Living in a Risk Society

Subject SOCI30009 (2012)

Note: This is an archived Handbook entry from 2012.

Credit Points: 12.50
Level: 3 (Undergraduate)
Dates & Locations:

This subject has the following teaching availabilities in 2012:

Semester 2, Parkville - Taught on campus.
Pre-teaching Period Start not applicable
Teaching Period not applicable
Assessment Period End not applicable
Last date to Self-Enrol not applicable
Census Date not applicable
Last date to Withdraw without fail not applicable

Timetable can be viewed here. For information about these dates, click here.
Time Commitment: Contact Hours: 3 contact hours per week: A 2-hour lecture per week and a 1-hour tutorial per week for 10 weeks. The lecture and tutorial programs are staggered and cover the 12 weeks of semester.
Total Time Commitment: Not available




Recommended Background Knowledge:

Sociology at Levels 1 & 2

Non Allowed Subjects:

166-306 Living in a Risk Society

Core Participation Requirements:

For the purposes of considering request for Reasonable Adjustments under the disability Standards for Education (Cwth 2005), and Students Experiencing Academic Disadvantage Policy, academic requirements for this subject are articulated in the Subject Description, Subject Objectives, Generic Skills and Assessment Requirements of this entry.The University is dedicated to provide support to those with special requirements. Further details on the disability support scheme can be found at the Disability Liaison Unit website:


Dr Jens Zinn


Assoc. Prof. Jens Zinn:

Subject Overview:

For good practical and theoretical reasons, risk and uncertainty have emerged as central themes in social science. More flexible labour markets, greater freedom to divorce, cohabit and re-partner and greater diversity in lifestyles erode the certainty with which people can map out their futures. Step-changes in the complexity and scale of technological innovation enable rapid rise in living standards, and, at the same time, bring the possibility of major catastrophes closer. Unexpected disasters, from the Challenger Space Shuttle to Chernobyl, from the Herald of Free Enterprise to Exxon Valdez remind us of the limits to our capacity for control. This course will give an overview to interdisciplinary and sociological approaches to risk and a better understanding why we are concerned about risks and how we can deal with risks and uncertainty as a society but also individually in everyday life. It will show the limits of objectivist understandings of risk and will explore the involvement of values, power, knowledge and emotions in the realm of risk.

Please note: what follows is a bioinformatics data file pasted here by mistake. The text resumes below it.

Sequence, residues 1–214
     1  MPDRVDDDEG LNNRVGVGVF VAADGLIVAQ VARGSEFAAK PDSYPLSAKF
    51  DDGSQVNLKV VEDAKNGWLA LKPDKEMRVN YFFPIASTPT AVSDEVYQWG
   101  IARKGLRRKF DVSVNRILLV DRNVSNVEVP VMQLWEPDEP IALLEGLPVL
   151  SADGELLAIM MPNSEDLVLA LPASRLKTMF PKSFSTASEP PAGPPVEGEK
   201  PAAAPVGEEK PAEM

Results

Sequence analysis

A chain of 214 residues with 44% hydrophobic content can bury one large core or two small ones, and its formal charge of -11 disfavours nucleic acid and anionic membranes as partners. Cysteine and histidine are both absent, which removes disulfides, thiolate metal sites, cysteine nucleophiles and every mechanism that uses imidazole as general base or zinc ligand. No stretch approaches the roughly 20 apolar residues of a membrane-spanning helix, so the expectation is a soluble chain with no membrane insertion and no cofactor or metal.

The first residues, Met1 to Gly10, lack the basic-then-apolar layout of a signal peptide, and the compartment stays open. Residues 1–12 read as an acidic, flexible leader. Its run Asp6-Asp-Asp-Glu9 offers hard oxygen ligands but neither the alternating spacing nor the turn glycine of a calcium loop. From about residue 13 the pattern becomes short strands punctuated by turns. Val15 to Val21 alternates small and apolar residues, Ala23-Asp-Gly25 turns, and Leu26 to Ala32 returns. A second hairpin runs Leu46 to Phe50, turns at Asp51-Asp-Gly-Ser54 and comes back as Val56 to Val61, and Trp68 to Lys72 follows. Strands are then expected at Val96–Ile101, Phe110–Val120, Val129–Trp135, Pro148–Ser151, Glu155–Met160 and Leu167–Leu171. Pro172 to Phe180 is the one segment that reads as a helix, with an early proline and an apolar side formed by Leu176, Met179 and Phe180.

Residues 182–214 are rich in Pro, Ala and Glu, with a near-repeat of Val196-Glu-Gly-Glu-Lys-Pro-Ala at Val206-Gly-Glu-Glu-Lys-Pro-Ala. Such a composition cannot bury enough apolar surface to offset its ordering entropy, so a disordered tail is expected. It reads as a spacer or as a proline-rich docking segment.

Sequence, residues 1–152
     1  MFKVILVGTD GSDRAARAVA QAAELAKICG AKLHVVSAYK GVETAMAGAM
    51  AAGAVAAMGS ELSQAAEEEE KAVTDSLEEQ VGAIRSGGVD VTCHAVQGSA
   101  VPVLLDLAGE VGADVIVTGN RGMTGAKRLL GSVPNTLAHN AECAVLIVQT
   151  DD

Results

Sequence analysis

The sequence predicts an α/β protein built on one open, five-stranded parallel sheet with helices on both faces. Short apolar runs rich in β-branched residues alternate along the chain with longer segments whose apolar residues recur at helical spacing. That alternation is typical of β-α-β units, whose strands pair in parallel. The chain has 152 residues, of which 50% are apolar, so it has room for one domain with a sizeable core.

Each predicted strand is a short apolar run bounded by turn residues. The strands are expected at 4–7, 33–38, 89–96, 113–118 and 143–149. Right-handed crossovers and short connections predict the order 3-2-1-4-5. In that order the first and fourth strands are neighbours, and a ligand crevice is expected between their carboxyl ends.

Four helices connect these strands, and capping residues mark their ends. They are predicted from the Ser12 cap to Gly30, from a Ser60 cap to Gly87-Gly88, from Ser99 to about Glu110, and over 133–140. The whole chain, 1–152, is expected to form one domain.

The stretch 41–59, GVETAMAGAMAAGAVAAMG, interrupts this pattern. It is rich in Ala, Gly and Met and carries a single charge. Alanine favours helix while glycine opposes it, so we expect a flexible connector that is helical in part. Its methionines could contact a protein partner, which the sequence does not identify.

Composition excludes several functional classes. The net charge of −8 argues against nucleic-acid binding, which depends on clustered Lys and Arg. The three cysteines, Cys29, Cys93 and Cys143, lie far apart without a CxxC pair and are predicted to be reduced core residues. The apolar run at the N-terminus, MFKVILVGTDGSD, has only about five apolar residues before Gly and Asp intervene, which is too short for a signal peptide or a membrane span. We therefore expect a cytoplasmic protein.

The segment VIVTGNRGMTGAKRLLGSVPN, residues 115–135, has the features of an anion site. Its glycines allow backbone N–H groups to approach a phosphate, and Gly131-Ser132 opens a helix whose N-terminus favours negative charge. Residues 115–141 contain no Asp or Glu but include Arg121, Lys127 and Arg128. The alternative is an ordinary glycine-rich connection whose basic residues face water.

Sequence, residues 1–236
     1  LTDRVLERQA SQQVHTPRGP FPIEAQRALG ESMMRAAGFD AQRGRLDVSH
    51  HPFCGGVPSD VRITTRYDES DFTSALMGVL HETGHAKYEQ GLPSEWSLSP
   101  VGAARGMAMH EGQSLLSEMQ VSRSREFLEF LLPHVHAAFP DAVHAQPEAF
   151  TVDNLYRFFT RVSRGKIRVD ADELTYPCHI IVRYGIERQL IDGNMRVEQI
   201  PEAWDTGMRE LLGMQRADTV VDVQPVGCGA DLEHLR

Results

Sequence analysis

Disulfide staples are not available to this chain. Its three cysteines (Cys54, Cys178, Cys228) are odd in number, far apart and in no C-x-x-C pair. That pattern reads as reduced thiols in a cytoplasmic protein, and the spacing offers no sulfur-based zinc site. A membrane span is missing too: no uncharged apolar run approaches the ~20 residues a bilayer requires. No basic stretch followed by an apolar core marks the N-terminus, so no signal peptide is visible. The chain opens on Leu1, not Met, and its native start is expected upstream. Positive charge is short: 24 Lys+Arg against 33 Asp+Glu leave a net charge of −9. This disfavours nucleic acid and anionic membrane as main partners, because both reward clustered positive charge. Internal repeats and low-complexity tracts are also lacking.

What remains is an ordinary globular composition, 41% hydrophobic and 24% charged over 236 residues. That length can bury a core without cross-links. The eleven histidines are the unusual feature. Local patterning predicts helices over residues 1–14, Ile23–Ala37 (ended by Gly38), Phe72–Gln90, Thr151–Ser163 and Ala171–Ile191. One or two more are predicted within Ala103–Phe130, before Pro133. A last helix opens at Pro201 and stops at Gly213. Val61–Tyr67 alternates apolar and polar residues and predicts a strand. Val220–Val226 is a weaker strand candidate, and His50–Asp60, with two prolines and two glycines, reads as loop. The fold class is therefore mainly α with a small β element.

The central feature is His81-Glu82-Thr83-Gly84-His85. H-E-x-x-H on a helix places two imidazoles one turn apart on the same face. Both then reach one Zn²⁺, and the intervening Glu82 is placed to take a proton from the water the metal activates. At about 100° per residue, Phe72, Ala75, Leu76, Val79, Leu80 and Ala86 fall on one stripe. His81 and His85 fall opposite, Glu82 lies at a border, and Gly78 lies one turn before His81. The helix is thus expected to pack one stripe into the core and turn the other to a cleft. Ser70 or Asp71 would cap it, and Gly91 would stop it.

Students who complete this subject will have:

  • A good understanding of contemporary risks and uncertainties
  • A good overview about major social sciences approaches to risk
  • The ability for critical and reflexive judgements about reasonable strategies to deal with risk and uncertainties
  • A good understanding of the different dimensions (values, power, complexity etc.) involved in societal and everyday life risk issues
  • An understanding of the multi-disciplinary character of risk

A literature review of 1000 words (25%) due mid-semester. and a research essay of 3000 words (75%) due during the examination period.

This subject has a minimum Hurdle Requirement of 75% Tutorial attendance. Students who fail to meet this hurdle requirement will be deemed ineligible to submit the final piece of assessment or sit the final examination.Regular participation in tutorials is required.

Assessment submitted late without an approved extension will be penalised at 10% per working day. In-class tasks missed without approval will not be marked. All pieces of written work must be submitted to pass this subject.

Prescribed Texts:

Reading material will be available via the subject's LMS site

Breadth Options:

This subject potentially can be taken as a breadth subject component for the following courses:

You should visit learn more about breadth subjects and read the breadth requirements for your degree, and should discuss your choice with your student adviser, before deciding on your subjects.

Fees Information: Subject EFTSL, Level, Discipline & Census Date
Generic Skills:
  • Have developed the capacity to think logically, creatively and critically.
  • have developed research and analytical skills.
  • have developed the capacity to think in theoretical terms and to link theory to empirical findings.
  • have developed an understanding of the socio-cultural and institutional contexts of research and theorizing.
  • have developed skills in written and oral communication, time management and planning.

SOCI30009 will be offered in Semester 2, 2012

Related Majors/Minors/Specialisations: Social Theory
Social Theory Major
Sociology Major
Related Breadth Track(s): Sociology

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